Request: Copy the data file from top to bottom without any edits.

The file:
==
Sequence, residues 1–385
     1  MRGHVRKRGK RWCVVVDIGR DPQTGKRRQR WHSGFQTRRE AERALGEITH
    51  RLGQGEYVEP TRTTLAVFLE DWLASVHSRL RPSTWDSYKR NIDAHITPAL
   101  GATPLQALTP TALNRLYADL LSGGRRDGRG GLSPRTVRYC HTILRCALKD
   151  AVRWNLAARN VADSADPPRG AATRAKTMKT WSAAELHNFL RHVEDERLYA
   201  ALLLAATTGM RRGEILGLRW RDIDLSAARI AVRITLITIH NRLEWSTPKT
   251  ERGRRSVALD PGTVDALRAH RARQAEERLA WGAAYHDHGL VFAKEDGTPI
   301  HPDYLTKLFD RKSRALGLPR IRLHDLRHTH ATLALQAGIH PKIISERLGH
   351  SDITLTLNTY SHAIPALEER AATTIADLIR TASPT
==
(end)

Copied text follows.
Sequence, residues 1–385
     1  MRGHVRKRGK RWCVVVDIGR DPQTGKRRQR WHSGFQTRRE AERALGEITH
    51  RLGQGEYVEP TRTTLAVFLE DWLASVHSRL RPSTWDSYKR NIDAHITPAL
   101  GATPLQALTP TALNRLYADL LSGGRRDGRG GLSPRTVRYC HTILRCALKD
   151  AVRWNLAARN VADSADPPRG AATRAKTMKT WSAAELHNFL RHVEDERLYA
   201  ALLLAATTGM RRGEILGLRW RDIDLSAARI AVRITLITIH NRLEWSTPKT
   251  ERGRRSVALD PGTVDALRAH RARQAEERLA WGAAYHDHGL VFAKEDGTPI
   301  HPDYLTKLFD RKSRALGLPR IRLHDLRHTH ATLALQAGIH PKIISERLGH
   351  SDITLTLNTY SHAIPALEER AATTIADLIR TASPT